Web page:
The one-year, two-semester Performance Specialist Certificate program, which will roll out in the fall of 2021, is aimed at students wishing to pursue concentrated musical study at the pre-master’s or post-master’s degree level.
Daniel Zehringer, professor of music and chair of the School of Music, said students often need an additional year of study between undergraduate and graduate degrees to focus on refining their performance skills, something that is not always possible when they are enrolled in full-blown master’s or doctoral programs.
“This certificate program will fill a void that musicians, regardless of applied area, often need — intensely focused applied instruction and pedagogy that will enable them the flexibility to take that next step in their career, in an affordable manner,” he said.
Christopher Chaffee, professor of music and director of graduate studies in music, said the certificate program will help students who are preparing to go on to further graduate study and want a highly focused time in an institutional setting to prepare and sharpen skills. He said the program will also help students who are looking for that intensity but don’t want the in-depth academic portion that is a normal part of degree study.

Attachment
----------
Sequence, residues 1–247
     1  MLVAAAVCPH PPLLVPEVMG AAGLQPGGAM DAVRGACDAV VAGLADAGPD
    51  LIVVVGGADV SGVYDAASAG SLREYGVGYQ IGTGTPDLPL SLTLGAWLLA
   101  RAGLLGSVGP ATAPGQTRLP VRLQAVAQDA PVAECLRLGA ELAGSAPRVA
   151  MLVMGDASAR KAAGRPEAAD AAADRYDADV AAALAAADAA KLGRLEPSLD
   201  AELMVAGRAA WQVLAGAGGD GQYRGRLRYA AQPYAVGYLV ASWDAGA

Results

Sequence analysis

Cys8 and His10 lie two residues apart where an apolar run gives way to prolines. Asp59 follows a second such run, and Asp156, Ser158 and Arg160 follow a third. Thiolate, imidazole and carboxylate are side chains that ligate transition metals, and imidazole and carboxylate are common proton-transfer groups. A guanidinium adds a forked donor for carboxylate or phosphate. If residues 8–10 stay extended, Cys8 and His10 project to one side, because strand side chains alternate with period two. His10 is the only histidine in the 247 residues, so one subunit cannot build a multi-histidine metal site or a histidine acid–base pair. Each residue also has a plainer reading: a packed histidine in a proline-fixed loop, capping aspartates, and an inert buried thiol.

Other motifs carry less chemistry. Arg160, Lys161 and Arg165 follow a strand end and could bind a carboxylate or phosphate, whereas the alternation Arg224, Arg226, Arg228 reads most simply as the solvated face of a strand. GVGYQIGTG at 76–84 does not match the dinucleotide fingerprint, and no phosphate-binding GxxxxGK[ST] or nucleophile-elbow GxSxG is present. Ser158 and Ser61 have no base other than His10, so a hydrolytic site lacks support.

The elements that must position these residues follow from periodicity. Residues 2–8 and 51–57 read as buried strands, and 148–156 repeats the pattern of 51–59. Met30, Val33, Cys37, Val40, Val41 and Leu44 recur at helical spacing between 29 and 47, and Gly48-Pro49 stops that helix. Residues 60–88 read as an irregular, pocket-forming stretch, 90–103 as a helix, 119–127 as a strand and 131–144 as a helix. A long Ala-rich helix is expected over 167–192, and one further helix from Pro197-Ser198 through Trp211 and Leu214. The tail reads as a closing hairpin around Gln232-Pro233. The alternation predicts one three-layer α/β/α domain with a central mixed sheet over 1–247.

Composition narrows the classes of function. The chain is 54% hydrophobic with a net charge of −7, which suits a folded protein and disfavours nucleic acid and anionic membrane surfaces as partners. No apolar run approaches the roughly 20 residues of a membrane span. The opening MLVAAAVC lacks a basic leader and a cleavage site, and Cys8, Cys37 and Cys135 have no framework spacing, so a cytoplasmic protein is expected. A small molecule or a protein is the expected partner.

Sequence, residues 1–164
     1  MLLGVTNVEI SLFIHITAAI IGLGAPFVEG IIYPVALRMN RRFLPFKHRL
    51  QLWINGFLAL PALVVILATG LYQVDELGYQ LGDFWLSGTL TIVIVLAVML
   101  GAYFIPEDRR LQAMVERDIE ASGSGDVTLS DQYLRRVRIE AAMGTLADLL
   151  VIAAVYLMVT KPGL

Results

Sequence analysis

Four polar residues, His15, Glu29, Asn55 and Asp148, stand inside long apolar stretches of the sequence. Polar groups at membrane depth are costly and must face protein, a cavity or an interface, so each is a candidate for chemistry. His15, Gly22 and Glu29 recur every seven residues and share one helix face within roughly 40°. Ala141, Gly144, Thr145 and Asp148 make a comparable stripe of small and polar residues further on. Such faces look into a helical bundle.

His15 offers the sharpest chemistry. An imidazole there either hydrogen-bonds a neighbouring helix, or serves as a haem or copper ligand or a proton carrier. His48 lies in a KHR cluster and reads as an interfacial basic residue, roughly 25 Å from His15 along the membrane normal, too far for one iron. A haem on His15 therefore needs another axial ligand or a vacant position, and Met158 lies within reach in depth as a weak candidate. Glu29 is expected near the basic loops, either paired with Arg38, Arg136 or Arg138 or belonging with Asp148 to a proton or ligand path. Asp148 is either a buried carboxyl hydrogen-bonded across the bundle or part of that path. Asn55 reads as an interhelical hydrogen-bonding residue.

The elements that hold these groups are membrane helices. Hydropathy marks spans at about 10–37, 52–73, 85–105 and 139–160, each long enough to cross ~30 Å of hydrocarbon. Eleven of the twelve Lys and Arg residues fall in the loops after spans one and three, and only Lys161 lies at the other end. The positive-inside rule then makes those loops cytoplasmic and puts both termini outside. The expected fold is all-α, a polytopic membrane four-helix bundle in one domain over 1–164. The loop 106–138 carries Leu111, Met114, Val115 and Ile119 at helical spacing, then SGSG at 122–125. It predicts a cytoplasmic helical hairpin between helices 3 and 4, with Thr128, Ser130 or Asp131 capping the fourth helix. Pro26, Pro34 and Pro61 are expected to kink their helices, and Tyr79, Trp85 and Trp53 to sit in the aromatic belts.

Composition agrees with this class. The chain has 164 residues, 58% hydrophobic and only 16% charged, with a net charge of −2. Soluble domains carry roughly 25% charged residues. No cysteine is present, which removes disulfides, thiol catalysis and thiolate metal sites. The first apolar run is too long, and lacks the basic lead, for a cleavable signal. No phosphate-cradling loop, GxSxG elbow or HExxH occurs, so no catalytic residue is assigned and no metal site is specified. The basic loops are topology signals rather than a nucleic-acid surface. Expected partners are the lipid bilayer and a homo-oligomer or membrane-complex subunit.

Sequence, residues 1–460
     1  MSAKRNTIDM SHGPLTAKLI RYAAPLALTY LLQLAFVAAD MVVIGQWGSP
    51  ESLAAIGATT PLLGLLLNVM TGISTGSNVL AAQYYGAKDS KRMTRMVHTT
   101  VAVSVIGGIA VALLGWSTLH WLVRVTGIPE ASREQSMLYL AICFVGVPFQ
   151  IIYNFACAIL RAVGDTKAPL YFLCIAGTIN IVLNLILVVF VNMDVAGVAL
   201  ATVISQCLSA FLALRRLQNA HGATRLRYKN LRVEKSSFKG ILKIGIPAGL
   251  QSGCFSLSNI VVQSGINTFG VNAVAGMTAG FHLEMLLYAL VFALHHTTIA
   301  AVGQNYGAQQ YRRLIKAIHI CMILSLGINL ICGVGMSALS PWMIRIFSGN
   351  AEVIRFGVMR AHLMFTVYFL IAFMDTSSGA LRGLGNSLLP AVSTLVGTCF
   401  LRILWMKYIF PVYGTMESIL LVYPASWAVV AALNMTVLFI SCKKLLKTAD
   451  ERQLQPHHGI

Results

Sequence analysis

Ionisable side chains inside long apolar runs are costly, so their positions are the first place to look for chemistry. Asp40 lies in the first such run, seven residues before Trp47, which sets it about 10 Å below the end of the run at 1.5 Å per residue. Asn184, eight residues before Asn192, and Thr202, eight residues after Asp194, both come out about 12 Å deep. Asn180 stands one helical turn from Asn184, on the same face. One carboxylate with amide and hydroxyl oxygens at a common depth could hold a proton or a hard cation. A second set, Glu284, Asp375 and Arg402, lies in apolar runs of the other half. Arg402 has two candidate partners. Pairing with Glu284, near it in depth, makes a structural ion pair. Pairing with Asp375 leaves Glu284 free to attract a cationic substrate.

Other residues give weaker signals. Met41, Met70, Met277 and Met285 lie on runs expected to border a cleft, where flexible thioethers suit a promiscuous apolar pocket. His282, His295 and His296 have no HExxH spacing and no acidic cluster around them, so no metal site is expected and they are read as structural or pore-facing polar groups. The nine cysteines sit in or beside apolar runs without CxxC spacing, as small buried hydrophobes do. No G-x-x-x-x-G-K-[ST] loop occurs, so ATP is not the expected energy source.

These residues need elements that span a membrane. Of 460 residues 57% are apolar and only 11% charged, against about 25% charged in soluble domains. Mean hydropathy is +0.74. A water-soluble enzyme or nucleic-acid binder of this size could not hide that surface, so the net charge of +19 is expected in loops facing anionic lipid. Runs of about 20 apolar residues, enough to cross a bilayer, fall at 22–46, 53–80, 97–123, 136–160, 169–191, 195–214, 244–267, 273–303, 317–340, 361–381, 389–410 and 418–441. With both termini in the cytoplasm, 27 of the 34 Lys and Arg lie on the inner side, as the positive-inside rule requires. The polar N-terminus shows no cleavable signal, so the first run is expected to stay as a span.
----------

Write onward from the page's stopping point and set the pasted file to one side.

“The biggest benefit is more time studying with a ‘master teacher’ and honing their craft while gaining more polish as performers,” said Chaffee.
The certificates will be offered to anyone with a bachelor’s degree in music who successfully audition and have been admitted to graduate school. The three available certificates — instrumental, piano or vocal — each requires 13 credit hours of study.
Students will engage in a course of study that includes applied lessons, ensembles and related courses. At the end of the second semester, they must perform a graded public recital.
“We believe this certificate program will attract some wonderful young artists to our campus to study with our great faculty,” said Chaffee.
Among them is Jackson Leung, professor of music, coordinator of keyboard studies and director of the Wright State University Chamber Orchestra. He is the recipient of the 2010 Robert J. Kegerreis Distinguished Professor of Teaching Award and the 2011 Southwest Ohio Council for Higher Education Award for Excellence in Teaching. As a pianist, he has performed in France, Spain, Japan, Hong Kong and throughout the United States and Canada.
John Kurokawa, lecturer of clarinet, performs as principal clarinetist of the Dayton Philharmonic Orchestra and Cincinnati Chamber Orchestra and has been a featured soloist with both ensembles. He has also presented clinics and performed at institutions, including the University of Cincinnati College-Conservatory of Music, Penn State University and Virginia Commonwealth University.
The Wright State School of Music’s graduate program attracts students from Ohio and many other states as well as from China, Hong Kong and Macau.
“This new program will open the door for even more of these kinds of students, but of course will provide the same opportunity for local and in-state students,” said Chaffee.